“Sorry.” Cheri paled, her skin becoming almost translucent in the light. She turned and went to the window. “What do you want me to say?”


Say yes. Say you understand. “I — I just wanted to talk about options.” Julius crossed the room to stand behind Cheri. He reached out to hold her and stopped, staring at the stump. In his memory, the tour-bus tipped and landed with his arm out the window, sliding on his hand. Grinding it away. “I should have stayed in the room.”

“What?”

“Nothing.” He wouldn’t have gone if she hadn’t insisted. “We can make another baby.”

“Can we?” A vein pulsed in her neck. “It’s been two years, Jules.”

“So you miscarried before.” The phantom hand clenched in a tight fist. “You might miscarry again, and then you won’t have a baby and I still won’t have a hand. Is that what you want? Are you happy that I can’t play anymore?”

Her shoulders hitched and Cheri shook her head.

Julius pinched the bridge of his nose. He had gone too far, but she had to understand. “I’m sorry. I just see this chance and it’s the first time I’ve hoped since the accident.” He put his hand on her shoulder. She trembled, her shoulder as tight as a bow. “I’m sorry.”

She nodded but did not turn.

Julius waited for more but Cheri continued to stare out the window. He squeezed her once and walked away.

“Jules?” Her voice caught him halfway across room. “We should do it.”

Afraid to look at her, he stopped. “Do you mean that?”

“Yes.” The word almost disappeared into the hush of the room.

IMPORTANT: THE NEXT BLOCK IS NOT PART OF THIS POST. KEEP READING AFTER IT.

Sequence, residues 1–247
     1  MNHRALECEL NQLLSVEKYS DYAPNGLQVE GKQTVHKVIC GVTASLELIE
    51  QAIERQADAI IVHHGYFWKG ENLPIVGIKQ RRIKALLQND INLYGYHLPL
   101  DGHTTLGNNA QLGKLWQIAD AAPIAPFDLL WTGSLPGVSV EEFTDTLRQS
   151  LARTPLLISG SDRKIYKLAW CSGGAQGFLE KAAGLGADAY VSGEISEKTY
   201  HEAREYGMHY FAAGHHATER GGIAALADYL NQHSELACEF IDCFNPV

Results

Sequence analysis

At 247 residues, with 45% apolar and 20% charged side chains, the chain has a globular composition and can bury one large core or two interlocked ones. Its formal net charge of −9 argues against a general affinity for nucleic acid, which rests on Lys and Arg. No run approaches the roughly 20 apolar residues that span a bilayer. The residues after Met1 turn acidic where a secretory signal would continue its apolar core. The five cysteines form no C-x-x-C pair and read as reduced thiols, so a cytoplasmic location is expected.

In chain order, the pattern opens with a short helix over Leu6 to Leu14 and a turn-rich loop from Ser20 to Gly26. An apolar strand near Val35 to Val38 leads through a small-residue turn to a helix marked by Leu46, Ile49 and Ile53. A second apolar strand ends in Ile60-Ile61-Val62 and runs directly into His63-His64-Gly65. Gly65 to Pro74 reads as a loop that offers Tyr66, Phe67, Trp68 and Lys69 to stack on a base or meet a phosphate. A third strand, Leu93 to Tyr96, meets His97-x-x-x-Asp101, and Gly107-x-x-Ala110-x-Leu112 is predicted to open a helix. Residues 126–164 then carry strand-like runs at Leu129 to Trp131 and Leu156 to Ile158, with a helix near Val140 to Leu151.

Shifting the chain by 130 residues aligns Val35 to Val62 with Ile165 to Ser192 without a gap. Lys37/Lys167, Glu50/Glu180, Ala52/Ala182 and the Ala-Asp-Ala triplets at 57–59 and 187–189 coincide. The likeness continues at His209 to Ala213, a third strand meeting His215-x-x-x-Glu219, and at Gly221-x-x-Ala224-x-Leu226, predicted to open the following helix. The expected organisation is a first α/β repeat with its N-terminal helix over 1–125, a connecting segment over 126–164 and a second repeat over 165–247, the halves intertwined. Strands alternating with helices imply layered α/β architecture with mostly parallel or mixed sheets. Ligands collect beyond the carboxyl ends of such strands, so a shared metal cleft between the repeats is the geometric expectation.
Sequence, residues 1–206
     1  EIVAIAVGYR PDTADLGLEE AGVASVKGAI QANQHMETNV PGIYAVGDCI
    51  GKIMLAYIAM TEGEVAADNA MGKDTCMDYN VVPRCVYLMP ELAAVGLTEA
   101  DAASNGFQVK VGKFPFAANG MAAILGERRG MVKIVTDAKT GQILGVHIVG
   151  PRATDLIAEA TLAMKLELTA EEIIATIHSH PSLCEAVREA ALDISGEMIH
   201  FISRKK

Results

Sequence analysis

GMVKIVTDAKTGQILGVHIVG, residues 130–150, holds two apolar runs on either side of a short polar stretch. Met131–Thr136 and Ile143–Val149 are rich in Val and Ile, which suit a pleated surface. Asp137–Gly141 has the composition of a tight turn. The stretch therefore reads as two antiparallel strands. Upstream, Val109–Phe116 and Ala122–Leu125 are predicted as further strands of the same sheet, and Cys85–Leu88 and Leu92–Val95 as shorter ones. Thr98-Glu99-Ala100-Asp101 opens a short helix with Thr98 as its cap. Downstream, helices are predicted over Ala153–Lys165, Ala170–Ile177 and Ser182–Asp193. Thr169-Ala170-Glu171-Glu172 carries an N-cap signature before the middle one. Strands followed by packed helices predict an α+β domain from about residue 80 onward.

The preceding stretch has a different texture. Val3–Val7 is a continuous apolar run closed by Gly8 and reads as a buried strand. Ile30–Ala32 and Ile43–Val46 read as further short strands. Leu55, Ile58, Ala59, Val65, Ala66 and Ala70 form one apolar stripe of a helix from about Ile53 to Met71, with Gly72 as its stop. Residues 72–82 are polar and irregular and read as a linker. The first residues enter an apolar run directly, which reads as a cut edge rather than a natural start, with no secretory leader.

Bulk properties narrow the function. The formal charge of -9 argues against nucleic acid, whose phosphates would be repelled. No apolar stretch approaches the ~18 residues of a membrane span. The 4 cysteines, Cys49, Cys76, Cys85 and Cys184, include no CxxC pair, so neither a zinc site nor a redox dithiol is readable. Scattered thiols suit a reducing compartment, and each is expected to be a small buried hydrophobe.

“Because I don’t want to force you into anything.” He tasted the hypocrisy on his lips, but he needed this. She had to understand that.

She turned to face him then. Her face, all cheekbones and dark circles, was blotched red with anger. “You’re offering me a choice between giving you your hand back and raising a child that you hate. What choice do you think there is?”

“I didn’t mean…”

Cheri shook her head, rejecting his apology. “Tell Leonard I said yes.”
She turned back to the window and leaned her head against the glass.

“Cheri.” He stopped. Nothing he could say would make her feel better, without giving away the thing he wanted. The thing he needed. He plucked at the bandages on his stump. If he could play again… “You have to understand what this means to me.”

“I understand that I’m your second love. I said yes. I can’t give you anything else.”

Julius stared at her unforgiving back. “Thank you.”

He slid out of the room to call Leonard. His hand trembled on the receiver. Down the hall, the door to the bathroom shut. Cheri retched once. Then again. Julius pressed the phone harder against his ear and started running Wilde’s Lament in his mind.